CORPORATE CASE STUDY: Newman's Own serves up a down-home public image

From popcorn to pasta sauce, Newman's Own has bloomed into a mainstay among packaged foods, and its folksy approach to PR has companies lining up for a piece of the action.

From popcorn to pasta sauce, Newman's Own has bloomed into a mainstay among packaged foods, and its folksy approach to PR has companies lining up for a piece of the action.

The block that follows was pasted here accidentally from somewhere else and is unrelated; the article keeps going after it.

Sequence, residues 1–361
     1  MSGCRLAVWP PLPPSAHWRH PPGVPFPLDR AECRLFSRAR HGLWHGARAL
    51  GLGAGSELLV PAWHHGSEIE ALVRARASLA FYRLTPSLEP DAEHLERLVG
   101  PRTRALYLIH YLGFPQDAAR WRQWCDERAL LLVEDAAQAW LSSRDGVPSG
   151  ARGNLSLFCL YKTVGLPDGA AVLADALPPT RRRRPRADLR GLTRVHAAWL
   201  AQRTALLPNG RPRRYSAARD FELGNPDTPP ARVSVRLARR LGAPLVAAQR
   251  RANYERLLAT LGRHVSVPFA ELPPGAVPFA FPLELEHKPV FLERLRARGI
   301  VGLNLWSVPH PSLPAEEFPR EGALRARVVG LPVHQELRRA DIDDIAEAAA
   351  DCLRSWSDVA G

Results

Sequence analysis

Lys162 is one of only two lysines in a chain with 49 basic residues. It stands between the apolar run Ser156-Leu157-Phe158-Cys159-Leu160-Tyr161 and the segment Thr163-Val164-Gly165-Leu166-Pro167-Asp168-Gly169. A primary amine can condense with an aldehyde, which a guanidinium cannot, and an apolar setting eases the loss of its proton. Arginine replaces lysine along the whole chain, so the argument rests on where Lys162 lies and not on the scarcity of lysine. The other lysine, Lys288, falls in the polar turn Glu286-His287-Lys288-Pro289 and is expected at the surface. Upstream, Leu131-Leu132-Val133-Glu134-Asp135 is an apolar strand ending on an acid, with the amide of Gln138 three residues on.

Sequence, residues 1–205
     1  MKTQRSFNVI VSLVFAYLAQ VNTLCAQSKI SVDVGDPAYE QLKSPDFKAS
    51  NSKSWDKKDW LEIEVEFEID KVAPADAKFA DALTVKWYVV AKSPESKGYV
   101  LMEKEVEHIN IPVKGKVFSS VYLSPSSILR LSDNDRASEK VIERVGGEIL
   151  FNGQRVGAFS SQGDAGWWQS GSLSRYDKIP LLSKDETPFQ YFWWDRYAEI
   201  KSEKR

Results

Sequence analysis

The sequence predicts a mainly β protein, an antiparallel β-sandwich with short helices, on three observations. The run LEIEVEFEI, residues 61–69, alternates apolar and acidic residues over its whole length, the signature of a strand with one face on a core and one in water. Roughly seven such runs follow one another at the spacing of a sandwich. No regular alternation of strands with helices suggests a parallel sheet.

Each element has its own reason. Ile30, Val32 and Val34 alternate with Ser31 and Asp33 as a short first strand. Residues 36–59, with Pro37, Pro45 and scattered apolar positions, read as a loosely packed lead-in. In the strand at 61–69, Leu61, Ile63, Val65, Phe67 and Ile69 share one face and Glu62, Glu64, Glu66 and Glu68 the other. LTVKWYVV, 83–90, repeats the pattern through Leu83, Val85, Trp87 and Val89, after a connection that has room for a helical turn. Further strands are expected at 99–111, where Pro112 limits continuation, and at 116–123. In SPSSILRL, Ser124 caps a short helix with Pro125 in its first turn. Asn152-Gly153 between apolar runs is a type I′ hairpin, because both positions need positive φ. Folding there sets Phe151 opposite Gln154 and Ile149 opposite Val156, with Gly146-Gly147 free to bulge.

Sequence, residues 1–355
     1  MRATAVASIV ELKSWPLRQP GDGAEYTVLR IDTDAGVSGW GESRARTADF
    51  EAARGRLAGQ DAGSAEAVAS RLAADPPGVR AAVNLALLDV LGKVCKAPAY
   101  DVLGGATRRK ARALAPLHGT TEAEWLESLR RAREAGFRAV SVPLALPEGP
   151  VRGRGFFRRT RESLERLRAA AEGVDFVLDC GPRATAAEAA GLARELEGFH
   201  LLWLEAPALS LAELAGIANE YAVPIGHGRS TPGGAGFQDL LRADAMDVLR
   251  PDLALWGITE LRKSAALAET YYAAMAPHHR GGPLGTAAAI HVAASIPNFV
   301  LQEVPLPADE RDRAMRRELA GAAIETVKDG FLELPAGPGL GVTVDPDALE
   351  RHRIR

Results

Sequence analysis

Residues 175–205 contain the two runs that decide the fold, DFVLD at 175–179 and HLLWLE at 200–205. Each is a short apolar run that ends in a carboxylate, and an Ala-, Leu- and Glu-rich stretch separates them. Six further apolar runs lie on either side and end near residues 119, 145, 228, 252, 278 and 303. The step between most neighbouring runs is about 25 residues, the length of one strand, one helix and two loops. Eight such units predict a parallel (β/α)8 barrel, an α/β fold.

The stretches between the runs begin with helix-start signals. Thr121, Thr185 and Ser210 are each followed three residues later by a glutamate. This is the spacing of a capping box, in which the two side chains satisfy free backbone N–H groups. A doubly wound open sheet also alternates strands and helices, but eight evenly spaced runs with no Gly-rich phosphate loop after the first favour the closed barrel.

Products associated with Hollywood hot shots, sports stars, and other celebrities regularly come and go in the American marketplace. If the endorser is hot, the product can perform reasonably well. Once the star starts to fade, the product's sales often follow. But the Newman's Own line of salad dressings, pasta sauces, popcorn, and other offerings has bucked that trend. Using savvy PR and image crafting, the company that began as a lark for photogenic film star Paul Newman has blossomed into a mainstay on the gourmet food scene, boasting annual sales of $190 million. Newman himself has been quoted as saying that more young consumers today think of him as a salad dressing maker than a film star. Of course, having Newman's picture on every product hasn't hurt. Now well established as a major packaged-foods venture, the Westport, CT-based company continues to position itself as a hobby of Newman's. The star remains a public face for the company, appearing at various promotional events, but his PR staff won't speak publicly about their efforts. Kirsten McKamy, PR manager for the company, wrote in an e-mail: "As you may or may not know, Mr. Newman takes a low-key approach to publicity." Indeed, McKamy seems almost embarrassed by the attention the company has gotten lately, thanks to its new affiliation with McDonald's and to a new book, Shameless Exploitation in Pursuit of the Common Good, authored by Newman and A.E. Hotchner, cofounder of Newman's Own. The head of a San Francisco-based PR firm that works with Newman's Own Organics - a now-independent company run by Newman's daughter Nell - takes a similar stance: "We're idiosyncratic in the way we do PR. [We're] not quite sure how it helps to have the way we do things out there in the trades." So unsure, in fact, that the head refused to reveal the firm's name. But those familiar with Newman's Own say a look at how it has succeeded can provide a PR blueprint for other food companies that want to build the same type of brand loyalty. "What can profit-taking companies learn from Newman's Own?" asks Ellen Ryan Mardiks, worldwide director of marketing and brand strategy at Golin/ Harris International. "Connect honestly and openly with the people who buy your products. Know what they care about and support it. Stay true to two things: your values and your brand." Food for the cause Since its founding in 1982, Newman's Own has given its profits - more than $150 million - to causes that support the arts, affordable housing, children, disaster and hunger relief, education, the elderly, and environmental causes. While other companies don't make a habit of donating all their profits, they can still learn from the firm's dedication to causes. In fact, Newman's Own was involved in cause-related marketing before the term even existed. "For them, corporate philanthropy is more than a sidebar," says Jennifer English, founder of the Food & Wine Radio Network. "[Newman's Own is] a perfect case study of what makes it work. They struck chords of credibility. Consumers will embrace you when you're about the same things they are." The only press releases on the Newman's Own website detail contributions to such organizations as UNICEF - a UN organization dedicated to child welfare - and Habitat for Humanity, among others. Organic yogurt maker Stonyfield Farm is involved in co-promotions with Newman's Own because it feels the two companies share common values that resonate with consumers. Stonyfield donates 10% of its profits to causes that support conservation and revitalization of the planet, notes Cathleen Toomey, Stonyfield's VP communications. "Together we believe you can change the world one cup of yogurt and one bottle of salad dressing at a time," she says of the Newman's Own alliance. "Our belief is that people vote at the checkout counter. Companies can learn from Newman's Own that consumers care about a company's values and mission. That drives a very powerful form of brand loyalty that advertising can't buy." While the best-known charitable cause of Newman's Own is the Hole in the Wall Gang Camp for sick children, the company supports a wide range of other causes, developing consumer loyalty in related areas along the way. L. Phillips Brown, president of the Yavapai Humane Society in Prescott, AZ, was stunned when his group received a $2,500 grant from Newman's Own Organics. "They truly are supporting animal well-being," Brown says. "You like to support a company that is supporting other organizations you like to help." Nona Snyder, director of PR for the Connecticut Trust for Historic Preservation, says Newman has been a generous supporter of her organization. "We don't think of them [Newman and his wife] as celebrities," she says. "They're our neighbors." The halo effect Unlike some stars, Newman prefers to perform his good deeds with limited fanfare, which only adds to his mystique, according to Snyder. "They don't want to be part of a photo op - they don't have to," she says. "The low-key approach is what he's done and is why he's successful. You feel like you're buying Newman's Own from your next-door neighbor. He makes you feel like his friend." Even the way the company has rolled out new offerings speaks to the image of a low-key organization trying to bring consumers good products, opposed to a conglomerate blanketing the food aisles with every new product imaginable, says English. By picking and choosing its products, the company is saying a new product is "so good, we had to share it with our neighbors," English says. The folksy feeling associated with Newman's Own products comes directly from Newman, who either writes or reviews all the copy on packaging that describes the products, says Stonyfield's Toomey. Labels on Newman's Own goods may have started as a goof, but they've turned into part of the company's overall image. In an excerpt from Newman's new book published by Time in November, Newman and Hotchner write: "On the label we poke fun at the usual corny hype on our competitors' bottles with Nomen Vide Optima Expecta ('See the Name, Expect the Best')." "They established their brand essence early and they didn't waiver," says Grace Leong, president of Hunter Public Relations in New York. "That PR program has paid off for them. We hold them up as a stellar example of how food marketing should be done." Newman's Own tapped into a growing desire in the US for natural, high-quality products, and Newman's Own Organic is doing the same in the growing organic market, notes Stacy Bender, president of the Bender Hammerling Group. Although the companies are now separate, Newman's Own Organics is benefiting from the image created by Newman's Own, Bender contends. The company has enhanced its quality image to the point where others now want to be associated with it because of the halo effect. McDonald's specifically went after Newman's Own as a partner for its new salads to convince its critics that it was serious about offering healthy meal alternatives on its menu. "That's brilliant on their end," says Bender. "If you're a major player or brand that cares, that's a very strong message to consumers." Newman's Own not only gained a major new distribution channel, but also enhanced its own image by being seen as helping a fast-food giant move into healthier offerings. Similarly, a co-packaging agreement between Newman's Own and Costco is helping distinguish the warehouse giant from its competitors, says Toomey. "For Newman's to put their signature on a Costco product is enormous," she notes. "It shows that Costco is brand conscious and looking for quality brands." Food PR experts agree, the success of Newman's Own likely will outlive Newman himself if the company can maintain its image for quality and philanthropy. "It's not a success because it's a celebrity product," contends Leong. "Its quality and people feel good about buying the product. Consumers are interested in your values if you can make them real." Bender concurs. "I think his legacy will live on," he says. "It's like Atkins." English likens Newman to Walt Disney in creating a company that is also part cultural icon. It will be interesting to see if the cultural icon that is Newman's Own can continue to grow with its image of quality and philanthropy. COO Tom Indoe told The New York Times last year that the company now sells products to 14% of US households and that he sees that potentially expanding to 35%. That means he's hoping the philanthropic message resonates with a third of US consumers. If it does, the message will be clear for other consumer-goods companies: Don't just talk about causes; live them, and reflect that in every message you put out to consumers.